The true story of the world’s most famous ear

When was the last time you gave serious thought to your ears?

I confess to taking mine for granted. But think where I’d be without them? I’d have nowhere to rest my glasses – I’d be forced to wear Poirot-style pince-nez, but I don’t recall a huge selection last time I was in Specsavers.

There’s only one story I can think of where an ear made the headlines. Or, to be more precise, its absence caused a furore. I refer, of course, to the Christmas Eve 1888 incident involving Vincent Van Gogh. What I had not realised until recently was the degree of controversy around what really happened that night in the pretty Provencal town of Arles. More than a century later, the locals are still dining out on the story. As Daphne and I discovered when we pedalled into Arles as part of a cycling holiday last summer.

The seed of curiosity was planted and could only be satisfied by the recent purchase of Bernadette Murphy’s definitive 2016 tome, ‘Van Gogh’s Ear – The True Story’.  With notes and bibliography it stretches to 320 pages, so I can only give you edited highlights here.  Issue number one is who done it. There’s a school of thought that believes his fellow artist and accomplished swordsman, Paul Gaugin, did the deed in a single stroke for reasons unknown. Murphy is not buying this version.

We must remember that the building in Arles with which Vincent had grown most familiar was not his workshop in the Yellow House but the local asylum. Her conclusion is that Vincent, during one of his all too frequent mental breakdowns, looked in the mirror, took hold of his cut-throat razor and lopped off most of his right ear. He then wrapped it in newspaper and went to the local brothel where he presented it as a gift to a working girl called Rachel and asked her to take care of it.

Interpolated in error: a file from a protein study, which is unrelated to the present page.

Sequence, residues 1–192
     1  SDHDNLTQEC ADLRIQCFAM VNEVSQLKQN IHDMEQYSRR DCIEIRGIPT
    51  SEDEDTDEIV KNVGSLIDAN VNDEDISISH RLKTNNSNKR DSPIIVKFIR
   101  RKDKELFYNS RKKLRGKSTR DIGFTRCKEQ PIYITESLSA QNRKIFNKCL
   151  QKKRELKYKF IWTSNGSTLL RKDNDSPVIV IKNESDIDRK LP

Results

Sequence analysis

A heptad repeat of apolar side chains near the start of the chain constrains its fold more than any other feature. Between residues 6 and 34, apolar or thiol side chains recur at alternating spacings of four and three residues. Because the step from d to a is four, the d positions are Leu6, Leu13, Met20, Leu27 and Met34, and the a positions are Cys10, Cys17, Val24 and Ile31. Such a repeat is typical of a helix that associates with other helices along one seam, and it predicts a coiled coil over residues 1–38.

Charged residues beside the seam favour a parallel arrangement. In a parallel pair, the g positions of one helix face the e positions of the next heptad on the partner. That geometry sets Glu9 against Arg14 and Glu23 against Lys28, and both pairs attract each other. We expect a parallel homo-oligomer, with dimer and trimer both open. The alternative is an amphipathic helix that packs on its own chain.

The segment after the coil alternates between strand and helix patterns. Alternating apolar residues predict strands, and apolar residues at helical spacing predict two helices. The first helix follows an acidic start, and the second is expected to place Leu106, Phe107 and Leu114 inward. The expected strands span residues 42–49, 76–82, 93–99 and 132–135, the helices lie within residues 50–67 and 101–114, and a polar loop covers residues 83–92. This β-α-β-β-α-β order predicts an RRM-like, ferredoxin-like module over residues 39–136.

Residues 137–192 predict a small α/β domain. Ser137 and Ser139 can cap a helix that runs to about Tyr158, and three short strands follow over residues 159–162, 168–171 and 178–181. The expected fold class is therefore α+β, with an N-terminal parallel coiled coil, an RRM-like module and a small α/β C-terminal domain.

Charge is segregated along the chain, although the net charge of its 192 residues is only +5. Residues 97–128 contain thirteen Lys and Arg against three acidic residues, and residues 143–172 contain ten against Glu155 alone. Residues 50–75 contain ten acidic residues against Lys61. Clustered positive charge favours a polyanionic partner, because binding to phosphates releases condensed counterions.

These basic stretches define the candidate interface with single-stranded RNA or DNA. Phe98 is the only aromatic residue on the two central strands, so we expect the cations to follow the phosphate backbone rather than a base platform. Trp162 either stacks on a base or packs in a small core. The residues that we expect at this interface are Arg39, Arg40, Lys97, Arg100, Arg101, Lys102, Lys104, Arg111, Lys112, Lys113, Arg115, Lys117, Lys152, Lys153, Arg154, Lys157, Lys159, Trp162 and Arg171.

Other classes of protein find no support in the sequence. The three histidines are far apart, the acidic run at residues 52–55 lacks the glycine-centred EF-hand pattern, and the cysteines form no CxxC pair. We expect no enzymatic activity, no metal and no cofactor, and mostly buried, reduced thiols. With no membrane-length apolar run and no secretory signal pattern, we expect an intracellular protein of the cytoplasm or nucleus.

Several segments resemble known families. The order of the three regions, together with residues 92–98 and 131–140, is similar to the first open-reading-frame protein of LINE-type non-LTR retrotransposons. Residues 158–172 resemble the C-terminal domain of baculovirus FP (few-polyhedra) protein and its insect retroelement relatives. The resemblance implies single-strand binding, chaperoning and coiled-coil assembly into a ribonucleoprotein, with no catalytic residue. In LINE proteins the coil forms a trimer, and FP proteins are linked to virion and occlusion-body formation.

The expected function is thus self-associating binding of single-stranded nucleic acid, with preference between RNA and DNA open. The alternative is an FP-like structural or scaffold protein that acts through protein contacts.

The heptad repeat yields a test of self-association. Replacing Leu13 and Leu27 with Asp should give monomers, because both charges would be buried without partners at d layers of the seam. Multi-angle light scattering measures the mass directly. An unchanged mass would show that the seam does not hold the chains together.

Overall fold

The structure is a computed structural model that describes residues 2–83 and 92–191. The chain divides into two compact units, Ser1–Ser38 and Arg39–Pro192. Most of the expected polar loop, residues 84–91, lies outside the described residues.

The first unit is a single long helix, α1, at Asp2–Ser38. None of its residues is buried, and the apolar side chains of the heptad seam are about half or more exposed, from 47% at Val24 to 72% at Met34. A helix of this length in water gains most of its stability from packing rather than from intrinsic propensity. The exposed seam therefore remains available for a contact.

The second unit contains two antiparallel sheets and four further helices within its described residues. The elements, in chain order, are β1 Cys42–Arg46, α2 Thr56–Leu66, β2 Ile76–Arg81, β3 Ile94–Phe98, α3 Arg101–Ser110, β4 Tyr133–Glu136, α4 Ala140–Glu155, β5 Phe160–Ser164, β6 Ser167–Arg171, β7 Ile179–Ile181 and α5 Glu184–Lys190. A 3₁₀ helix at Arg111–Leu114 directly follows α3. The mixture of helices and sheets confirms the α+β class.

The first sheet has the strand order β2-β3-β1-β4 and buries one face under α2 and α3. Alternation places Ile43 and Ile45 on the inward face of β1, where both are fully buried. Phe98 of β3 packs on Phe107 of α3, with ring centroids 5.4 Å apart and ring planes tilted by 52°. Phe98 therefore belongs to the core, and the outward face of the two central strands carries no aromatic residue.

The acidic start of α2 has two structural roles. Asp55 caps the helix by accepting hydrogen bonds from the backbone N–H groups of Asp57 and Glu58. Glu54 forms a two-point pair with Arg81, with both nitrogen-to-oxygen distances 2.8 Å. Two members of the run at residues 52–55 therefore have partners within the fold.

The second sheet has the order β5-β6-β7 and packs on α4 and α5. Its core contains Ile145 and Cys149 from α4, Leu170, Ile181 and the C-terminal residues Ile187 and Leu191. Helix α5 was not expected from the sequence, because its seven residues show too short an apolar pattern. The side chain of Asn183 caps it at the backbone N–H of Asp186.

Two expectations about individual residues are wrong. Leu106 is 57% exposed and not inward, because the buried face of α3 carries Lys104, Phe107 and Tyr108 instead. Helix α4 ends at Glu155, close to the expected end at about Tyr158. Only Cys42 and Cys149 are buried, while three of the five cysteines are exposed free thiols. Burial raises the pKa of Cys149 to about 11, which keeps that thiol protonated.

The only problem was, there’s an important artery just above your ear, and Vincent had pierced it. There was blood everywhere and he was in real danger of bleeding to death. He had collapsed into his bed and was only discovered and taken to hospital the next day. The infamous ear, which Rachel had declined to keep, was already withered from sclerosis so could not be sewn back on.  The hospital in Arles was primitive, but thankfully he was under the care of Dr Felix Rey who was up to speed with the latest method of disinfecting a wound. Rather than rinsing it in polluted water from the Rhone or cauterising it with a hot poker, he applied an oil-silk dressing or ‘Lister’ made of fine silk taffeta soaked in oil and a weak carbolic acid (phenol) solution. Van Gogh’s ear was lost, but his life was saved.

Meanwhile Gaugin had originally been arrested as a suspect by the police, then released so he could send a telegram to Vincent’s brother Theo, a leading art dealer in Paris. It may have been 1888 but you could still send a telegram from sleepy Arles and have it arrive in the capital within the hour. Theo took the night train to Arles and arrived at lunchtime on Christmas Day. Gaugin was his client and took him to the hospital but refused to enter. After a brief visit it was clear that Vincent’s life was not in danger but his mental health was deteriorating.

Van Gogh ended up strapped to his bed in the isolation ward of Arles hospital and papers were drawn up for him to be transferred to the asylum at Aix. Unexpectedly, by early January he had become more lucid and was allowed to return to the Yellow House. Brother Theo could get on with planning his upcoming marriage and having regular meetings with Edgar Degas and Paul Gaugin.

For a man who only took up painting in 1881, it seems incredible that the two years from this disfiguring episode to his suicide in July 1890 would be his most prolific and form the bedrock on which his post-impressionist reputation would be built in the 20th century. It beggars belief that someone destined to become one of the all-time greats only sold one painting in his lifetime.

Join us at the Royal Academy of Art

Next month we are partnering with art expert Aidan Meller to launch Meller Art Club. If you find art history fascinating and want to combine deepening knowledge with some outstanding investment opportunities, join us at the Royal Academy of Art (left) on the evening of Thursday 27th September. Click here for full details.

Until next time.

Graham